Updated: Jul 23, 2018
In my time at Summit Sales & Equipment so far, I've learned quite a bit about the oil and gas industry generally, and what we do specifically. I'm no mechanical engineer, to be sure, but I can at least listen to other people talk without feeling like a total idiot, and I know where to look up the things I don't understand, for the most part.
So one day not too long ago, I was sitting in a meeting at a point where I was also trying to come up with topics for a post on this here blog. Enter the seat puller kit. My introduction to it went something like this:
Important person at the company: "Kyle, talk about seat puller kits."
Kyle: "Great. What's a seat puller kit?"
That led into a whole thing where I cried for a little bit for not being as smart as I thought I was, but then I started trying to figure it out. The good news is that it's not that complicated. Pumps have valves which, of course, regulate flow in and out of the pump. When a valve is closed, it rests on what's called a seat. The vast majority of you know all of this stuff far better than I do, but here's a for-dummies level video with MS Paint (RIP) animation about the basic mechanics of a pump. You'll have to imagine the seats, sorry.
Now, the crucial part: during pump maintenance, those seats often need to come out, and they're really stuck in there (I mean it's a pump, right, things have to be tight at certain points) and hard to reach down the cylinder hole.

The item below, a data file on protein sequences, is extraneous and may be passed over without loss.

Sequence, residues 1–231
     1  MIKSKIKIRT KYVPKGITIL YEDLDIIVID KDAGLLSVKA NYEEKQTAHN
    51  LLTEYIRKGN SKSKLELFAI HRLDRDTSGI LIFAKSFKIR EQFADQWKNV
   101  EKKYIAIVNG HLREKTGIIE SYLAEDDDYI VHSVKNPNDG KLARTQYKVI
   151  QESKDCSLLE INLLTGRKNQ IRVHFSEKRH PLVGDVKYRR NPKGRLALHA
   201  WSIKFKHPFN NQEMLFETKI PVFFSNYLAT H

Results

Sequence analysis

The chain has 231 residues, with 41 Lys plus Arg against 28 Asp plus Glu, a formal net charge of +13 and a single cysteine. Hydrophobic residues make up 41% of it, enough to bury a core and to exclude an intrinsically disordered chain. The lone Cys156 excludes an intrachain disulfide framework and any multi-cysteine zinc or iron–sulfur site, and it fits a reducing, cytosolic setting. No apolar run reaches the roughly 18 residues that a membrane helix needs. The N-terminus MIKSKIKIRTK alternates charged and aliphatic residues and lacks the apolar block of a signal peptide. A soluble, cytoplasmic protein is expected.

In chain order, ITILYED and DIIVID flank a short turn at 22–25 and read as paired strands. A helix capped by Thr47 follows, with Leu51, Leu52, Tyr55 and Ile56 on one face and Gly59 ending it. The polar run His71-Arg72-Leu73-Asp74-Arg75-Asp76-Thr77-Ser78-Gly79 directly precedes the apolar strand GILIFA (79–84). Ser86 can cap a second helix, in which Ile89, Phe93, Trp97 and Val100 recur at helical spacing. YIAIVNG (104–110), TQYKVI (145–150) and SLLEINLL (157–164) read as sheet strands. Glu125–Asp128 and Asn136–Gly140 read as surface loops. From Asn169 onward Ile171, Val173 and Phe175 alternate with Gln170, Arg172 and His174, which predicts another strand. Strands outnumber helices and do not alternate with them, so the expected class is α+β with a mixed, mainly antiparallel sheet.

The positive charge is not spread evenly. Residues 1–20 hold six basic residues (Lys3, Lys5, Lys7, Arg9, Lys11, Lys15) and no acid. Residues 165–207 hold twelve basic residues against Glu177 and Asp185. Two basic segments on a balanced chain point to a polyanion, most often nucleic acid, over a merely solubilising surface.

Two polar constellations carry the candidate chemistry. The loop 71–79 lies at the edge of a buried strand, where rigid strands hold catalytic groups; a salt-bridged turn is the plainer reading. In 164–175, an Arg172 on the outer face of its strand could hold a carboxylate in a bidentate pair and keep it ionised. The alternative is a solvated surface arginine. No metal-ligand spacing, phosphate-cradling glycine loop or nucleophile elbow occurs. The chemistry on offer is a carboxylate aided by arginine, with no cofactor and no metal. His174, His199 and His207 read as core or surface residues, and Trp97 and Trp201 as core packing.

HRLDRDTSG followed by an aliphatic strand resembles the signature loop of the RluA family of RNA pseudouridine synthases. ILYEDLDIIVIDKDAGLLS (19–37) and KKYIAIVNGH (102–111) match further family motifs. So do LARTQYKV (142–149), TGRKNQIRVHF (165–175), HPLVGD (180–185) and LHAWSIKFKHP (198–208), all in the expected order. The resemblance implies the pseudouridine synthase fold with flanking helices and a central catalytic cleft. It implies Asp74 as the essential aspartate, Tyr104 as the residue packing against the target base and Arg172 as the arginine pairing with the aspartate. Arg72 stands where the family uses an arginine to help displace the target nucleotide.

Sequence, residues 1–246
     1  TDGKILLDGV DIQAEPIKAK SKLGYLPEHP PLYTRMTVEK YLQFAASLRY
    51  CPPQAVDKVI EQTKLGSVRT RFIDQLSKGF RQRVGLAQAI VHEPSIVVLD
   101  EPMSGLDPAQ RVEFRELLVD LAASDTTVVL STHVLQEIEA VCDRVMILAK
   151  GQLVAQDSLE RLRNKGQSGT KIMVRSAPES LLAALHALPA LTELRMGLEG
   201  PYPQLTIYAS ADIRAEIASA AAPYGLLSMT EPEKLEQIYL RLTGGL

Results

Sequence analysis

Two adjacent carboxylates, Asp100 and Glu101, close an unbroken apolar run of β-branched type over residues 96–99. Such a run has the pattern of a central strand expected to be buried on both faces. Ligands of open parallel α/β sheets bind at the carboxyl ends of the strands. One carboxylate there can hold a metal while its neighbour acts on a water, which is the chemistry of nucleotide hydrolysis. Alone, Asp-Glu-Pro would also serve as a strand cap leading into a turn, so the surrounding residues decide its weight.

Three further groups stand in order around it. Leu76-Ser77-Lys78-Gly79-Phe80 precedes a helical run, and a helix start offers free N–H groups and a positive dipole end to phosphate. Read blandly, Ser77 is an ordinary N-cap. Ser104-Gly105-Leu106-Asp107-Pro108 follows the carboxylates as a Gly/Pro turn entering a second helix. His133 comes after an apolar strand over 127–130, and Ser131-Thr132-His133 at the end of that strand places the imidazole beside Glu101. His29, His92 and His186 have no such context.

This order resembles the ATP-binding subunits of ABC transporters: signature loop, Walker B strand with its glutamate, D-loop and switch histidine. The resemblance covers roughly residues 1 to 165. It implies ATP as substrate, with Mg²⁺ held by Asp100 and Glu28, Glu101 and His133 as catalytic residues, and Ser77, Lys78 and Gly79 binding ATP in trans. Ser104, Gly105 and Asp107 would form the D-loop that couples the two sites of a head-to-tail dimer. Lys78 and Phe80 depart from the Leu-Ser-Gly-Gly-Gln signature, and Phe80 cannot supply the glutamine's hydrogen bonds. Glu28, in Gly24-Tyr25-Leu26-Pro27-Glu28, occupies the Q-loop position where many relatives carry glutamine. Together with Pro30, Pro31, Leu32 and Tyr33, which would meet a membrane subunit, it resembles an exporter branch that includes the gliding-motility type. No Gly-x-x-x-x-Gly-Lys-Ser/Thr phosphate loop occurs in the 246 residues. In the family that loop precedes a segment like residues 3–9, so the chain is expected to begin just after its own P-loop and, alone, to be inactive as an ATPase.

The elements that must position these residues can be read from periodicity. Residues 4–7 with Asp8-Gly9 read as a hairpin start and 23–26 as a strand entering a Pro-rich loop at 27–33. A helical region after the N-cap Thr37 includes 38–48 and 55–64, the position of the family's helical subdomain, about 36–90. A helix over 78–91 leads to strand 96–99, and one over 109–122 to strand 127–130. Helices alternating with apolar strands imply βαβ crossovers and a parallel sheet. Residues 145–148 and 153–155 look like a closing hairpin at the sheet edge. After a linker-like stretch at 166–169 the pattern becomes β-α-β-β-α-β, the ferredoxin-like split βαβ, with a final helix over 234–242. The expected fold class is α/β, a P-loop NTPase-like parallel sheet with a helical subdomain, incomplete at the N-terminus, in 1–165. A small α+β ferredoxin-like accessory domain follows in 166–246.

The seat puller kit is quite a genius little invention for this very specific problem. And luckily there exists a video showing the general concept of one that doesn't have a competitor's branding splashed all over it. Jackpot.
It doesn't quite go far enough to show the actual operation, but you can see that little hose there going off to the right. That connects to a hydraulic pump, which activates the pancake jack (the big red thing the hose is hooked into). The jack then lifts the threaded rod, which is connected to the head at the bottom (green in this case, with the opening jaws so that it can pass through when setting everything up, then open up later), which then pops the thing out.
Simple, yet brilliant, much like the pump itself. Oh hey, we also have a bunch of this simple brilliance just sitting in our warehouse, waiting for someone who needs their seats pulled. You know where to find us: (330) 264-1153, email@example.com.
Here's to a well-functioning pump and all of the unsung heroes needed to get it there.